Lickens agreed with Barton’s take. He added: “Joining a larger group can be positive - access to more markets, specialists and facilities which provide support - but if that turns into bureaucracy, strict placement edicts, offices closing and a blame culture, good brokers will vote with their feet and so they should.

“Independents don’t always get it right, but we can be a bit more flexible and a bit more human – we have values.”

However, Lickens added that “it’s a double-edged sword as [a] loss of talent means the larger brokers are now targeting independents to fill their vacancies”.

Put into practice

Although broker leaders have noted this talent acquisition opportunity, has it been borne out in practice?

Barton certainly believes so, labelling this approach to talent attraction as “core” to his firm’s strategy. When Partners& launched in April 2020, the startup broker had 150 staff on its payroll. By July 2021, the company had 320 employees.

Barton explained: “The people we’ve attracted are, frankly, the very best talent from the industry. We’ve largely recruited from consolidators and global brokers and we continue to be discerning in attracting the very best talent from those firms.

“The theory has been proven over the last 15 months – an independent broker with the right proposition for clients and the right culture for the team can attract some incredible talent.

“It’s a big, big part of our strategy and I’m sure others are adopting a similar strategy.”

Specialist Risk Group’s chief executive Warren Downey added that his firm has been “inundated” with job applications following the uptick in broker consolidation, while Lickens said he has seen the same trend “at Clear and we’ve seen it with fellow Brokerbility members” too.

No ‘wholesale exodus’

However, Sara Fardon, managing director of Willis Towers Watson Networks, said she has “not seen [a] wholesale exodus or changes because of consolidation”, but has instead noted “growth in the appointed representative (AR) arena”.

“The loss of talent that one may expect with consolidation we do not feel is happening and the natural churn that happens in such circumstances is outweighed by the number of developing opportunities that are arising,” she said.

For Fardon, these opportunities include more career progression options being available within a larger firm, as well as “more opportunities for niche specialist brokers to grow and make a name for themselves, attracting talent of interest”.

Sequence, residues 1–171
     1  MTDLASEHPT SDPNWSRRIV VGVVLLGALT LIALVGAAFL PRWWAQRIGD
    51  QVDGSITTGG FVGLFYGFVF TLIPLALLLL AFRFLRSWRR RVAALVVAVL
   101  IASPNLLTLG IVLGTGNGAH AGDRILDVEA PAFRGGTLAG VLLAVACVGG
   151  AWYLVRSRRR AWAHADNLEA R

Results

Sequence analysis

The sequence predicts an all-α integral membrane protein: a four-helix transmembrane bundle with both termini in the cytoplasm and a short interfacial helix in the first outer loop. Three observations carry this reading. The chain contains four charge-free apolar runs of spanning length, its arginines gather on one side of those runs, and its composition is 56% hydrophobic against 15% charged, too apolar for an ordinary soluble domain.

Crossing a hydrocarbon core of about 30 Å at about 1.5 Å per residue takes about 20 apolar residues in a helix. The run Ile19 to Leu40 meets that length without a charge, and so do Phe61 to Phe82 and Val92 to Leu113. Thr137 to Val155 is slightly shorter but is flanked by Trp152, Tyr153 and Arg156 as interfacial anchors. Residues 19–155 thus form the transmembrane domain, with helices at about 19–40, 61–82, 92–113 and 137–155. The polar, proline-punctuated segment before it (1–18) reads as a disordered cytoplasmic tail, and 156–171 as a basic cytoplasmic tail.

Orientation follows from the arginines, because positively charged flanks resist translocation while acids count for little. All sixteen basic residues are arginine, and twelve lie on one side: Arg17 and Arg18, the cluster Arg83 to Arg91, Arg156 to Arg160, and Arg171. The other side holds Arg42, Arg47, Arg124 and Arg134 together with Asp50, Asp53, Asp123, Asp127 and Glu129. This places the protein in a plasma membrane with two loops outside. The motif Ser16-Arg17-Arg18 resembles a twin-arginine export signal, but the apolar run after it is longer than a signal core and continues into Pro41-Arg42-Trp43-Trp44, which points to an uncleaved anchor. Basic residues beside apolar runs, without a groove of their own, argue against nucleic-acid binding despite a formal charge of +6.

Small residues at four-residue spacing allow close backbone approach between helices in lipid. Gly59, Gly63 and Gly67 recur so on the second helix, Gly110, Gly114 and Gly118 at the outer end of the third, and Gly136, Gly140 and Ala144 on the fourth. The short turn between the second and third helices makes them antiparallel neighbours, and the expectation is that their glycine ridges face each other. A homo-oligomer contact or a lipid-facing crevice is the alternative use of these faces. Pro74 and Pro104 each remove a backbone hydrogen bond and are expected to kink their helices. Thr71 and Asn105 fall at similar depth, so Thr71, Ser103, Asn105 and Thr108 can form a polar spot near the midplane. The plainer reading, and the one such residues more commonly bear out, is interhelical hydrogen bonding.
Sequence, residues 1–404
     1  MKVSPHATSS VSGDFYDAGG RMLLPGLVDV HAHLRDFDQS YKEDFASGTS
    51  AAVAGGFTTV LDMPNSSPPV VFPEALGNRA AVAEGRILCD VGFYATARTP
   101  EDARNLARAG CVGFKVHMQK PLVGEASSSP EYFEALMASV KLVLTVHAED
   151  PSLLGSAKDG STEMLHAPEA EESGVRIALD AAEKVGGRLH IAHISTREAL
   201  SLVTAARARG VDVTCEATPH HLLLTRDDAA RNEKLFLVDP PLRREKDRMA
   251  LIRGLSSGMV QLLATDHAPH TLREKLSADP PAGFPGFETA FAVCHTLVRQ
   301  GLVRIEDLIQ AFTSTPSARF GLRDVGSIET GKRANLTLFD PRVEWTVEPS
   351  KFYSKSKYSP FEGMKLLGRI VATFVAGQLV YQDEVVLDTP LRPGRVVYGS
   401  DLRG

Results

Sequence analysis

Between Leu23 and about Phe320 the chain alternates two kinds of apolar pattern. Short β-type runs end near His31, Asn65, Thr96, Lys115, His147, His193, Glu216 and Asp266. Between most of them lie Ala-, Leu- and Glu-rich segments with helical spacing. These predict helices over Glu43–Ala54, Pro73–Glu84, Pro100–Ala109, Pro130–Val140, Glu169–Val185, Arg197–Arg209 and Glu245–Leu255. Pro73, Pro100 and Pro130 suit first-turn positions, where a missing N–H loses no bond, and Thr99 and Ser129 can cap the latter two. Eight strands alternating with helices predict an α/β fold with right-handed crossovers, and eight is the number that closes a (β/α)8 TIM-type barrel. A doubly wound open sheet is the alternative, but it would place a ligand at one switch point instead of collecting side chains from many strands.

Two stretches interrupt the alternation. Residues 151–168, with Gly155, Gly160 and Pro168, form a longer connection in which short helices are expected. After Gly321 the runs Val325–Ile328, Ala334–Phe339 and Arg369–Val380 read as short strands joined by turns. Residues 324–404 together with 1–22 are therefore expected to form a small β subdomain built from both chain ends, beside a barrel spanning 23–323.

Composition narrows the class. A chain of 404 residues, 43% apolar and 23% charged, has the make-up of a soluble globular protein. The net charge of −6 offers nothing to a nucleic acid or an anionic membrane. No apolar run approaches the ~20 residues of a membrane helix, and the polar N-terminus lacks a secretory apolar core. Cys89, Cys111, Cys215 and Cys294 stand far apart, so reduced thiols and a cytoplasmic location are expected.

As for the increased popularity around AR arrangements, this enables brokers to take “the opportunity to start their own business under a more established broker umbrella”, Fardon added.

Lickens also noted: ”Consolidators are not all the same and a number of us treat staff retention as an absolute priority.”

Are independent brokers the only firms that can benefit from consolidators’ talent fallout?

Despite acknowledging that “fantastic, talented people are definitely considering their options following the spate of large broker consolidation”, Specialist Risk Group (SRG) chief executive Warren Downey noted that “independence alone does not guarantee positive working environments and cultures”.

Warren Downey 2

Warren Downey

Plus, “independent firms are often smaller in scale”, he added.

SRG was bought by US private equity firm HGGC back in December 2020. In 2021 so far, the insurance group has made six acquisitions thanks to this investment firepower.

According to Downey, SRG’s talent attraction strategy has been focused on “developing a differentiated culture to go along with our increasing scale and relevance in the market so that we become the natural home for specialist people”.

He continued: “Diminishing client choice combined with big company cultures has encouraged entrepreneurial people to think about the right home for them.

“Our position as an unashamedly people and culture driven company is proving an attractive alternative.”

According to Sara Fardon, managing director of Willis Towers Watson Networks, “there is a movement between insurers into the broker arena”.

She continued: “There could be many reasons for such moves, but it should not be seen a down gearing of a career - more [an] opportunity to make a personal impact and fulfill personal ambitions.

“Pay and salary packages paid by brokers now can often match, or even beat, the large corporates and perhaps there may be slightly more freedom from process and management tiers within a broker.”